Obstetric ultrasonography is an important and common part of obstetric care in the United States.The purpose of this document is to present information and evidence regarding the methodology of, indications for, benefits of, and risks associated with obstetric ultrasonography in specific clinical situations.
To this end each word and phrase in the ESV has been carefully weighed against the original Hebrew, Aramaic, and Greek, to ensure the fullest accuracy and clarity and to avoid under-translating or overlooking any nuance of the original text.
The words and phrases themselves grow out of the Tyndale-King James legacy, and most recently out of the RSV, with the 1971 RSV text providing the starting point for our work.
The necessary components of fetal anatomy in a standard examination are listed in Box 1 and commonly can be obtained after approximately 18 weeks of gestation, although it may be possible to document normal structures before this time.
Sometimes structures can be difficult to visualize because of fetal size, position, and movement; maternal abdominal scars; increased maternal abdominal wall thickness; and reduced amniotic fluid volume.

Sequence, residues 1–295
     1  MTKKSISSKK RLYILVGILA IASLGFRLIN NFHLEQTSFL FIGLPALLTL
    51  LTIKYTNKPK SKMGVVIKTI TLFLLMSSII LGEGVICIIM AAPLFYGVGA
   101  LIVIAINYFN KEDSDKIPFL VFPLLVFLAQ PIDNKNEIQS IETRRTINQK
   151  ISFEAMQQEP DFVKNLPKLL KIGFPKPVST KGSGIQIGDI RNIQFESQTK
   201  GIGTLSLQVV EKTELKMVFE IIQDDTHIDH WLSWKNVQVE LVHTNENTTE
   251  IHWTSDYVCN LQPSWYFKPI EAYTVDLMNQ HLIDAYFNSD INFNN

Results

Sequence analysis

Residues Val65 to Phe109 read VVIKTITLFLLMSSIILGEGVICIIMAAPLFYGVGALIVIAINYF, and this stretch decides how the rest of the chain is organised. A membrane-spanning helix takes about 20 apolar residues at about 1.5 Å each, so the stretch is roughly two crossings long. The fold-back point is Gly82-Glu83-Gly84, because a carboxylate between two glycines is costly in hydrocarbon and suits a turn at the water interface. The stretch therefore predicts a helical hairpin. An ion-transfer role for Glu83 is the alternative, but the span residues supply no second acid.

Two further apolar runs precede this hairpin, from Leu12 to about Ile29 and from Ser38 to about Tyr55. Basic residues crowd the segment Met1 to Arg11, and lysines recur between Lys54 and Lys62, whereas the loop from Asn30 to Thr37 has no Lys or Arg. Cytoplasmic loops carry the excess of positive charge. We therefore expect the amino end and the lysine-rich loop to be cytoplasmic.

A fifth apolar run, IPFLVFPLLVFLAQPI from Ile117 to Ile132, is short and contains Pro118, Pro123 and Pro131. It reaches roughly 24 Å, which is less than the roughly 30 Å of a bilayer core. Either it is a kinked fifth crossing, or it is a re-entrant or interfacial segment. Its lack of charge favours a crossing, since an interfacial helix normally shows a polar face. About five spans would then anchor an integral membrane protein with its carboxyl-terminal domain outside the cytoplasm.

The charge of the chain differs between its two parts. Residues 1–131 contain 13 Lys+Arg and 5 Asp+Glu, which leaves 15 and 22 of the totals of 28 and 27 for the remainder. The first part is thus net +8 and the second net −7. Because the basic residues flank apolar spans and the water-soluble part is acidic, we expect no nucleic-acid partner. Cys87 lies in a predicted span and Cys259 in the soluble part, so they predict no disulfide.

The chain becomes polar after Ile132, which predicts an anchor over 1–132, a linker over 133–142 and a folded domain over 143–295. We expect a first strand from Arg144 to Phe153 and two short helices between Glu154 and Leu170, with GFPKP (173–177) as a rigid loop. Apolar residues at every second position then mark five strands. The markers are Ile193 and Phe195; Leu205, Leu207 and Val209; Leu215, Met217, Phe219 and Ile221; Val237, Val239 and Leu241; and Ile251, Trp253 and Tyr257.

When technical limitations result in suboptimal images, the nature of the limitations should be documented in the report; a follow-up examination should be considered.
*A measurement of the nuchal fold may be helpful during a specific gestational age interval to assess the risk of aneuploidy. ACR-ACOG-AIUM-SRU Practice parameter for the performance of obstetrical ultrasound.
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The American College of Obstetricians and Gynecologists, the American College of Radiology, the American Institute of Ultrasound in Medicine, the National Institute of Child Health and Human Development, the Society for Maternal–Fetal Medicine, and the Society of Radiologists in Ultrasound have adopted the following uniform terminology for the performance of ultrasonography in the second trimester and the third trimester: standard, limited, and specialized ( A standard obstetric ultrasound examination includes an evaluation of fetal presentation and number, amniotic fluid volume, cardiac activity, placental position, fetal biometry, and an anatomic survey.
The maternal cervix and adnexa should be examined as clinically appropriate and when technically feasible.
Requests for authorization to make photocopies should be directed to Copyright Clearance Center, 222 Rosewood Drive, Danvers, MA 01923, (978) 750-8400. American College of Obstetricians and Gynecologists. Real-time ultrasonography is necessary to confirm fetal viability through observation of cardiac activity and active fetal movement.